For one, a global economic landscape plagued by high levels of debt, demographic weakness, and geopolitical tensions certainly creates incentives for some parties to take liberties with the truth. Ben Hunt described this change in his article, “Stalking Horse” [here]. He concluded that, "When words are used for strategic effect rather than a genuine transmission of information you create a virtual stalking horse ... Unfortunately, I believe that is exactly what has happened, that 'strategic communication policy' [on the part of the Fed] has mutated from an emergency measure designed to prevent an economic collapse into a standard bureaucratic process designed to maintain financial stability." In other words, the Fed, one of the more respected financial institutions because of its independence, now seems to be forsaking the "genuine transmission of information" for other purposes.

Regardless of the possible merits of such a direction, subordinating the "genuine transmission of information" to other goals comes with a cost. That cost comes in the form of the market, which depends on decent information for price discovery, becoming progressively more uncoupled from true economic fundamentals. Distorted signals make it extremely difficult for investors to judge investments on their merits and that creates extremely high levels of "regime uncertainty". Needless to say, such conditions make it extremely difficult to adequately weigh risk versus reward.

The information challenge is further complicated by the fact that many investors also seem to be handicapped by a condition called "indefinite optimism" by author and entrepreneur, Peter Thiel. According to Thiel in Zero to One, "The strange history of the Baby Boom produced a generation of indefinite optimists so used to effortless progress that they feel entitled to it. Whether you were born in 1945 or 1950 or 1955, things got better every year for the first 18 years of your life, and it had nothing to do with you ... A whole generation learned from childhood to overrate the power of chance and underrate the importance of planning." While this obviously falls far short of describing every individual born during the baby boom years, it does go a long way in capturing a dominant sentiment of the generation.

With this as background, Thiel describes, "To an indefinite optimist, the future will be better, but he doesn't know how exactly, so he won't make any specific plans. He expects to profit from the future but sees no reason to design it concretely." As a result, a number of investors fail to get good information simply because they have some general sense that they don't need it, that things will just work out. Worse, a disproportionately large group of indefinite optimists are also sources of investment information; they are leaders of investment firms, businesses, government, media, and advisory firms. As authoritative as these folks may sound, far too often their positions fail to withstand analytical scrutiny.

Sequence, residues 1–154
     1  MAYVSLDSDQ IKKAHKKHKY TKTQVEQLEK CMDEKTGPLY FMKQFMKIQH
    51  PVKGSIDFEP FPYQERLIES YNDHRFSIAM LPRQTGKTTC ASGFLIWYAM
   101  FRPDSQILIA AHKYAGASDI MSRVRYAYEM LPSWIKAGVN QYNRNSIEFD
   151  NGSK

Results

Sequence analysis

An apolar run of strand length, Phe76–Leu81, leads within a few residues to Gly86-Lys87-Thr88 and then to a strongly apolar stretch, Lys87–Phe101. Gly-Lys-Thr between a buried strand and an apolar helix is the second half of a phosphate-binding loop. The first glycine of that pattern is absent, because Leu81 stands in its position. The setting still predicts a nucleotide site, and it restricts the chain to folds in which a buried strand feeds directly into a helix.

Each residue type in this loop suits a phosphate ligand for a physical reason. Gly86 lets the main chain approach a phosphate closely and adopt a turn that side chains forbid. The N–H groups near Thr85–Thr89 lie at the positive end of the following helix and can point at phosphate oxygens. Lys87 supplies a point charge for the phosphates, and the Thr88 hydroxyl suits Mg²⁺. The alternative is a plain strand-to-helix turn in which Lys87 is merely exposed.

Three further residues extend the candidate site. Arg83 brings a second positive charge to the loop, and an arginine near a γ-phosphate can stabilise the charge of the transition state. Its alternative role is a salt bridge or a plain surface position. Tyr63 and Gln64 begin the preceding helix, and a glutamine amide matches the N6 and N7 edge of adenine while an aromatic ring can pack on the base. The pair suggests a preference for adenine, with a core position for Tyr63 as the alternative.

In any investment environment it is critical to get good information such that potential rewards can be accurately traded off against risks so that the entire proposition can be well understood. On this count, unfortunately, things have gotten worse for investors and are not likely to get better any time soon. Gillian Tett noted in the Financial Times [here] recently that "Most ordinary people have no idea what central banks are really doing with their trillion-dollar experiments," and she makes a good point. Such radical policy actions should come with clear explanations including the risks. Failing to do so is being complicit with misinforming the investing public.

Given the swirling winds of misinformation, there are a couple of actions investors can take to protect themselves. For one, the timeless piece of investment wisdom, "If you don't know exactly what is going to happen, then don't invest as if you do," serves as a useful guide. In other words, if you don't have extremely strong evidence of specific outcomes -- such as much stronger economic growth, then don't invest as if you do. If you don't know absolutely that interest rates will remain extremely low over your entire investment horizon, then don't invest as if you do. If you don't know how massive debt levels will be paid off, then don't assume they will be.

At such times, it is also enormously useful to have access to investment expertise that can help filter and interpret information signals and to translate them into insights that are meaningful for you. Just as we often rely on an accountant to review our masses of financial information in the context of vast and constantly changing tax laws, so too should we be able to find, and rely on, investment experts. Unfortunately, the investment industry as a whole has not done a good job of serving clients’ best interests and indeed has fallen victim to too many of these informational challenges itself. It needs to change if investors are going to have a fair chance to save for retirement.